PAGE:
Future historians will record 2016 as yet another realigning election. Since 1945, and even more explicitly since 1991, the leaders of both parties in the United States have bought into the globalist philosophy. Adherents of globalism consider themselves citizens of the world rather than of any specific country. They often believe that national borders should be weakened if not erased entirely, and work to build international organizations that have precedence over national sovereignty. Globalists often advocate for military interventions in situations that do not threaten their home country. Above all, globalists see all the people of the world as interchangeable cogs in a great machine, whose heritage, culture, and ethnicity are simply meaningless flairs. As Steve Sailer says, the globalist position is one of “invade the world, invite the world”.

This globalist ideology has dominated American government for decades. The Truman Doctrine stated that the United States would oppose the spread of Communism anywhere in the world, setting up our country’s role as world policeman. Prior to 1945, the United States rarely intervened in affairs outside our borders, or at least outside of our hemisphere. It was after 1945 that the United States took a leading role in the creation of international organizations such as the United Nations, NATO, the World Bank, the International Monetary Fund, and many others. Our government contributed vast sums of money to these organizations and entered into many treaties and contracts that chipped away at our national sovereignty. The more powerful these international organizations become, the more power they desire. As I write this, the United Nations is pushing compacts on migration and refugees that would criminalize speech critical of illegal immigration.

After the end of the Cold War this embrace of globalism became more explicit, rather than less. Without an external existential foe, the United States dove headlong into President George H.W. Bush’s “new world order”. Foreign military adventures, illegal immigration, and resettlement of refugees increased, while more and more national sovereignty was traded to international governing bodies. This trend was not just in the United States, of course. Over the last few decades the European Union grew from a simple free trade zone to a free movement zone with a unified currency and calls for a supranational European army.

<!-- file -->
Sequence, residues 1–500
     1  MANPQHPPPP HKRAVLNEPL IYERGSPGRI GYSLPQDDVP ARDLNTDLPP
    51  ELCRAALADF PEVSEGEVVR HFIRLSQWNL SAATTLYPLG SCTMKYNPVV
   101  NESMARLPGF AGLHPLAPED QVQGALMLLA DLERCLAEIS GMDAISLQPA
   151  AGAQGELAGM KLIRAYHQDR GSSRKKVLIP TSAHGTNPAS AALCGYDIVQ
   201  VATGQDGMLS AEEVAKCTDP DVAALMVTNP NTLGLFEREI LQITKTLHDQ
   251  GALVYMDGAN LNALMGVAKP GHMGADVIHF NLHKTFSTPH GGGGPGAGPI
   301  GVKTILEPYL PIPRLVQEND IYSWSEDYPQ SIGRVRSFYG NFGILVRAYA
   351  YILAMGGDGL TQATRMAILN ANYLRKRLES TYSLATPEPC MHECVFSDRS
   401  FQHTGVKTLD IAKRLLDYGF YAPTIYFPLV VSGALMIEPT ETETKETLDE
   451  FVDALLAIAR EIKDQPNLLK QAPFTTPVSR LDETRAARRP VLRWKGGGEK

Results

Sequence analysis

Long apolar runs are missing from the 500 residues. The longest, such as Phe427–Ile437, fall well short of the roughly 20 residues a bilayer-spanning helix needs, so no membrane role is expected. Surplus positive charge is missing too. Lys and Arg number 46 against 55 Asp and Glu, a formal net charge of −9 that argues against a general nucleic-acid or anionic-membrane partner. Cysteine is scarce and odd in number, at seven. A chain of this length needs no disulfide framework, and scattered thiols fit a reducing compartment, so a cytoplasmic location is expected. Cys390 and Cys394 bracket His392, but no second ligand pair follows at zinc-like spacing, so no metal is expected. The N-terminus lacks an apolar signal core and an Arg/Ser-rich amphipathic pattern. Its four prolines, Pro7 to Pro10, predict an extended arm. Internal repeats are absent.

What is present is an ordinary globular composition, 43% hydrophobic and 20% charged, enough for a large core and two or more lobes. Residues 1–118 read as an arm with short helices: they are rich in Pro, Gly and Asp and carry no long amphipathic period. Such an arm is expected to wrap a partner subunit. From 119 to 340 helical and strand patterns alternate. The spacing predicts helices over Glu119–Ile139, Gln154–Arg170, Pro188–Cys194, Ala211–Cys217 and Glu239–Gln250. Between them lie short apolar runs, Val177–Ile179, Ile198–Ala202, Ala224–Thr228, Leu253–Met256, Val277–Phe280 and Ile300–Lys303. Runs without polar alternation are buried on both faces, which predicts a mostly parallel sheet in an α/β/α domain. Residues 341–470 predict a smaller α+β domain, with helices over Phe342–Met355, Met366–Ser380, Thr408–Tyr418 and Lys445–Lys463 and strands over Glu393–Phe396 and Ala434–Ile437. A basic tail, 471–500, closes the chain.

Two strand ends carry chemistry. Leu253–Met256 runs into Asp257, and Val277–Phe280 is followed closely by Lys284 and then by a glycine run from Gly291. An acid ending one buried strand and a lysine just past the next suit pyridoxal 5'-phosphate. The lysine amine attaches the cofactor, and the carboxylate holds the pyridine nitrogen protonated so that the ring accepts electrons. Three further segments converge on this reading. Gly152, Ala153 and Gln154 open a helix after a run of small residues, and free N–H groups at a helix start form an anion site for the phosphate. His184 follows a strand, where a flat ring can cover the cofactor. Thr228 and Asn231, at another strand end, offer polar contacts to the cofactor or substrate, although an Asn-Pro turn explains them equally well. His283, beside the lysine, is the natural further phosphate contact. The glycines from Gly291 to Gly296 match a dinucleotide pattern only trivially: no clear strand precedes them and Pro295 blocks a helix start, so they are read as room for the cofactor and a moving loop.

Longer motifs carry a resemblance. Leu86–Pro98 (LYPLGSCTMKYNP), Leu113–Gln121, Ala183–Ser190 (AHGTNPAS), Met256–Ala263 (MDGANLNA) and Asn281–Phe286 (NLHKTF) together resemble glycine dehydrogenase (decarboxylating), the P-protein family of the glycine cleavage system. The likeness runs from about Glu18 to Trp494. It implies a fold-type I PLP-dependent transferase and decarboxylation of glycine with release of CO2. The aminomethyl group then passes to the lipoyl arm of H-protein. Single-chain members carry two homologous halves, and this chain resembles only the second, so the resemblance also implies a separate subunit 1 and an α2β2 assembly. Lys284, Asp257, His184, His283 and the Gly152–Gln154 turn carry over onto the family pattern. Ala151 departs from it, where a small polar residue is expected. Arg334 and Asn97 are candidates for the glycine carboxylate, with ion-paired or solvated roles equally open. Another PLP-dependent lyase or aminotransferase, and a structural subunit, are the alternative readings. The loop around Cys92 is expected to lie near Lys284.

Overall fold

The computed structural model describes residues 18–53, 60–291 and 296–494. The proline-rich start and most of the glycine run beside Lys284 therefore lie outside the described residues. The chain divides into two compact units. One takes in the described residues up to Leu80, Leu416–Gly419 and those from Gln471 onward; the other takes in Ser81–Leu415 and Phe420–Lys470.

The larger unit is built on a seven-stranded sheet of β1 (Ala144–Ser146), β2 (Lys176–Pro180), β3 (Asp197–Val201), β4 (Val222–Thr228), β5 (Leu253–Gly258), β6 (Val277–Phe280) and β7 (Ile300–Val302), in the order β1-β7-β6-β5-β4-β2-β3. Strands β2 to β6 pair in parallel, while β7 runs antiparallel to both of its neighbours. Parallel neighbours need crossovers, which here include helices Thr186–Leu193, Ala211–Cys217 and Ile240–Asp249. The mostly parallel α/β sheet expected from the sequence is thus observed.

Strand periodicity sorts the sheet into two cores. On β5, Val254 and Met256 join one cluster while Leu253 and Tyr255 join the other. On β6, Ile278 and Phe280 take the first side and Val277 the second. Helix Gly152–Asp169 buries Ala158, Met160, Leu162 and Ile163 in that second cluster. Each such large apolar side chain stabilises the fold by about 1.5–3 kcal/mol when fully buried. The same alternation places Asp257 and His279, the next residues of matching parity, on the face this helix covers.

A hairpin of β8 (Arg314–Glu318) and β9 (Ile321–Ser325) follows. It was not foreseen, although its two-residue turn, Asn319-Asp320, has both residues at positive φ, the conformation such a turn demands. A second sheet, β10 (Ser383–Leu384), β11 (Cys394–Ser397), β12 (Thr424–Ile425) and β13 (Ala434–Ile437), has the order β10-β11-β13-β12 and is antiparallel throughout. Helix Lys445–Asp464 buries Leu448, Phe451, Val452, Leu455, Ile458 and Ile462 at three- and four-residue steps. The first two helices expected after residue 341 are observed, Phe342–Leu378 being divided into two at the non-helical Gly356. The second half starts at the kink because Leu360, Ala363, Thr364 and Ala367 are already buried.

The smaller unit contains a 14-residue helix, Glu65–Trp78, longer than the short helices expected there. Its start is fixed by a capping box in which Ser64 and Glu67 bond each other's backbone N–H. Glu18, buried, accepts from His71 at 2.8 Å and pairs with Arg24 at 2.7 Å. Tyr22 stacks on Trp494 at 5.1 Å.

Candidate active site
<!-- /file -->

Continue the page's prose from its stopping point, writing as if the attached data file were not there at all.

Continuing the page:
The globalist agenda was not confined to just one of the two major parties. It was the Democrats who launched our military adventures in Korea, Vietnam, Syria, and Libya, while the Republicans invaded Grenada, Nicaragua, Afghanistan, and Iraq. The Democrats have endorsed unlimited immigration, both legal and illegal, with the knowledge that the new citizens this generates will expand their voting base and keep them in power. Meanwhile the leaders of the Republican Party and their wealthy donors favor increased migration in order to keep wages low and profits high. Finally, both parties have advocated for increased financial aid to foreign nations and international organizations, even as the national debt grows ever larger.

For many years, the media has been able to control criticism of the globalist agenda by equating any dissent as racism. As globalism rose after World War II, nationalism was made taboo by associating it with the worst evils of Nazi Germany. William F. Buckley, founder of National Review, led the effort to expel conservative nationalists such as the John Birch Society from the public square. Even today, the conservative establishment attempts to square the circle by holding up patriotism as a high American ideal while condemning nationalism as beyond the bounds of respectable discourse. Conservatives are taught to believe in what might be called “civic nationalism,” a belief in America as an idea rather than a people. In response a to a misandrist tweet by Senator Kirsten Gillibrand of New York, Florida Senator Marco Rubio tweeted: